Comment


                  • #10
                    The guy is much better off sticking around where he is, otherwise employers will jerk him around for a visa and he'll end up illegal in the end.

                    Comment


                    • #11
                      pissy, a little bit of experimentation is always cool...don;t ya think heehee

                      Comment


                      • #12
                        Wow, so disrespectful you people here...why r u so prejudiced against a foreigner who is really successful and wants to do things legally? It's no good...shame on you evil people!

                        Comment


                        • #13
                          PTUH, no one is being disrespectful, so far as I understand...I guess all these people are trying to give an opinion as to what course of action is the best one for the guy...but as long as he does not give some more clarifications, people will make any kinds of suggestions...I do not feel someone is laughing at the guy.

                          Have A Good One!

                          Comment


                          • #14
                            zuzu, it shouldn't be that difficult for you to locate employment that will enable you to be sponsored for a temporary work visa, and eventually green card. You are saying you have already been awarded an L.LM from the prestigious New York University School of Law (4th in the nation) - why should you be concerned about finding a really good position with a respectable company? Remember, America places a good deal of praise on intellectuals like yourself. If it were different, you wouldn't been offered employment at Humans Rights Watch as well. So, all in all, during the evenings after work dedicate a little bit of time to researching companies, getting leads, contacting the employers that best suit your vision, and then when you are ready go for it. Approach carefully the company, without being aggressive, but don't be submissive either. Americans like humble but brave people. I know, because I have been coached for at least a year or so by a supervisior of mine who is a sociologist specializing in immigrants transitions in the work environment. When I began work I felt really 'foreigner' but know, well, you can judge for yourself - am in the seventh sky and I feel that every one should be given the opportunity to prosper. Thank God millions times that we are in America - land of the free, zuzu.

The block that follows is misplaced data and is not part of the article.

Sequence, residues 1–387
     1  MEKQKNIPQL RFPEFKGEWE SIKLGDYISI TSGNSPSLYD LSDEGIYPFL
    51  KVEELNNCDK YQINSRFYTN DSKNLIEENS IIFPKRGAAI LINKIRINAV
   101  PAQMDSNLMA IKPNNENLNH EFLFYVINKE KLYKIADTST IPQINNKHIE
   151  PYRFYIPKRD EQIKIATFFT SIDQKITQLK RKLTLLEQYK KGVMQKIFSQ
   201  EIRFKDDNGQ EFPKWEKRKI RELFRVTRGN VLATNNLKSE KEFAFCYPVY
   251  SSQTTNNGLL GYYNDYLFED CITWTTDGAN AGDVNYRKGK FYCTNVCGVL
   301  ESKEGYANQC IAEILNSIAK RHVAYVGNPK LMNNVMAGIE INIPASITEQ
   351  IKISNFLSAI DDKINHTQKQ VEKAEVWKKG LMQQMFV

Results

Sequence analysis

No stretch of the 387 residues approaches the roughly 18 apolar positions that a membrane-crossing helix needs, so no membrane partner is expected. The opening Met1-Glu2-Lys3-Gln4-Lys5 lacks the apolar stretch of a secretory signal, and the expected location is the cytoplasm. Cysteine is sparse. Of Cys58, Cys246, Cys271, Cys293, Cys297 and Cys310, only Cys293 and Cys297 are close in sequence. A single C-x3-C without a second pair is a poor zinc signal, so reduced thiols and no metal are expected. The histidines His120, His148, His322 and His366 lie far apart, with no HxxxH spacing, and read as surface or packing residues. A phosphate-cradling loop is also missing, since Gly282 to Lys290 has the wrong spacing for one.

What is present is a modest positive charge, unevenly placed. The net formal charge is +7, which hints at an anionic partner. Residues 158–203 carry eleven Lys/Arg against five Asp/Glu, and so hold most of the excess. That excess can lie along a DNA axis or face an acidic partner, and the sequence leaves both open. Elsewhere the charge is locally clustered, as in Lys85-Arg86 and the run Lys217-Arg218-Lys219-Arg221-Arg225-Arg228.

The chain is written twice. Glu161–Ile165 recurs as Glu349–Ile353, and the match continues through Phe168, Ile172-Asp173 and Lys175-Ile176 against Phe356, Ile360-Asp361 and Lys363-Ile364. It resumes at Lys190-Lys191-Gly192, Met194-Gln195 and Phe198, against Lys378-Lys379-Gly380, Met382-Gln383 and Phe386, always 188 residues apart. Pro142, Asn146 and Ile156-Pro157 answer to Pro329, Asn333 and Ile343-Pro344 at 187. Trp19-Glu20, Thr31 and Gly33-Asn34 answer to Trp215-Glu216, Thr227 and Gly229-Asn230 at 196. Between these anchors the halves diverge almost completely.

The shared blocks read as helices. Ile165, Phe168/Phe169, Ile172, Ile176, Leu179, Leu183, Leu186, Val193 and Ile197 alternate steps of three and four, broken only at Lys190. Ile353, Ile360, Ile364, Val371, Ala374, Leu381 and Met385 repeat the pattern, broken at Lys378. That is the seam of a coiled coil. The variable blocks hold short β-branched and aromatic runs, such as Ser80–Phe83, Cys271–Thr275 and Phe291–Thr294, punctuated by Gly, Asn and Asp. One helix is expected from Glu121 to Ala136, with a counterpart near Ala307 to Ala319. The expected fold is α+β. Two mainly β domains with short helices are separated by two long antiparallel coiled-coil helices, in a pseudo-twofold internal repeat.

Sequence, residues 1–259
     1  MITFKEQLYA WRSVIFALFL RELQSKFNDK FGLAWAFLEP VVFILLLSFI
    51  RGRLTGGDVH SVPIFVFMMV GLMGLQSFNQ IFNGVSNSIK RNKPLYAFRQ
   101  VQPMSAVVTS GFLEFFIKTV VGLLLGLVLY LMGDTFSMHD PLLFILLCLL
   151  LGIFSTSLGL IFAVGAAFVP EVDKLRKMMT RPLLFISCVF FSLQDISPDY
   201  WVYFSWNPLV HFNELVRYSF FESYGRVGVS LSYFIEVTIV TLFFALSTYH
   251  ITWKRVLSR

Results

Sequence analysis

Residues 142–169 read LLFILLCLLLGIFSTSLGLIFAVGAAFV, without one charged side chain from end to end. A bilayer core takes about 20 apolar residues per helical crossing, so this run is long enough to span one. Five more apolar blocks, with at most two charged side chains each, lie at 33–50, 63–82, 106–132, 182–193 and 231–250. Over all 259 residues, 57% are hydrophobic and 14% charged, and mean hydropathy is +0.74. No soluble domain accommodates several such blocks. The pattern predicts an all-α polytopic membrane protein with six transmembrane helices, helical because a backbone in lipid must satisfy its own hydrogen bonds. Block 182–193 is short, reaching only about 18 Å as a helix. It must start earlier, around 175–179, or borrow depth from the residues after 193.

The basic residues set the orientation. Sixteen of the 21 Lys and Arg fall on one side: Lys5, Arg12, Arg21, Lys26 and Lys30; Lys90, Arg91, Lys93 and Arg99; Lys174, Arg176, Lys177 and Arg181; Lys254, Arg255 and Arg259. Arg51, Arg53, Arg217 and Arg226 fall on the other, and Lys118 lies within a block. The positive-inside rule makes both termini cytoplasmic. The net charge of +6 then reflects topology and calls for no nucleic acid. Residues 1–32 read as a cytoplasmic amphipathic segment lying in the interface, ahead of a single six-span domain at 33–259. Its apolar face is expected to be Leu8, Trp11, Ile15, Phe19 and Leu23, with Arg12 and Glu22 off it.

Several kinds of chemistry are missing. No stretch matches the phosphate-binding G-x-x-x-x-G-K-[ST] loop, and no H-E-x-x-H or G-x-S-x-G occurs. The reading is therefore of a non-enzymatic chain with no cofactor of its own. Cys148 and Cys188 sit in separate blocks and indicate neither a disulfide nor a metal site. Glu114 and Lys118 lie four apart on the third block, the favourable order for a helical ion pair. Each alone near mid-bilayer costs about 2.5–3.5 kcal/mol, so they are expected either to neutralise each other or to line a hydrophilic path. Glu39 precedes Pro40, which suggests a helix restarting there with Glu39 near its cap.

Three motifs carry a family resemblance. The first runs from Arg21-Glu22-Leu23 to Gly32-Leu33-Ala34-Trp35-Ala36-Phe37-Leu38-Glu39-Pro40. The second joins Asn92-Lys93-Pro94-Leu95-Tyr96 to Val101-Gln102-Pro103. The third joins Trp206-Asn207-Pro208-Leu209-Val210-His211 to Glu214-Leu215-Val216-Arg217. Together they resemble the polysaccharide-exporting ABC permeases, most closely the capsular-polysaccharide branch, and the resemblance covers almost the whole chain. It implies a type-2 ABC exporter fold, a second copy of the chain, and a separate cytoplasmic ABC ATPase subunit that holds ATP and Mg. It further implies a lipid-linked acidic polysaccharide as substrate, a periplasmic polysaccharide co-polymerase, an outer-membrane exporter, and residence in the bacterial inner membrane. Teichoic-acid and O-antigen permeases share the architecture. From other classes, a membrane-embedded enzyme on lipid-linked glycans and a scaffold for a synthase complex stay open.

Fab

                            Comment


                            • #15
                              Well, I don't wanna sound like I am underestimating the abilities of this young lawyer, but I wanted to say that three-quarters of immigrant visas are given to family-based applicants as opposed to one-quarter that goes to employment-based immigrants. So, while I do believe that the guy might be able to get a great job and eventually get sponsored for a visa/PR, he may well need to consider being married to an American woman.

                              Comment

                              Sorry, you are not authorized to view this page

                              Home Page

                              Immigration Daily

                              Archives

                              Processing times

                              Immigration forms

                              Discussion board

                              Resources

                              Blogs

                              Twitter feed

                              Immigrant Nation

                              Attorney2Attorney

                              CLE Workshops

                              Immigration books

                              Advertise on ILW

                              EB-5

                              移民日报

                              About ILW.COM

                              Connect to us

                              Questions/Comments

                              SUBSCRIBE

                              Immigration Daily



                              Working...
                              X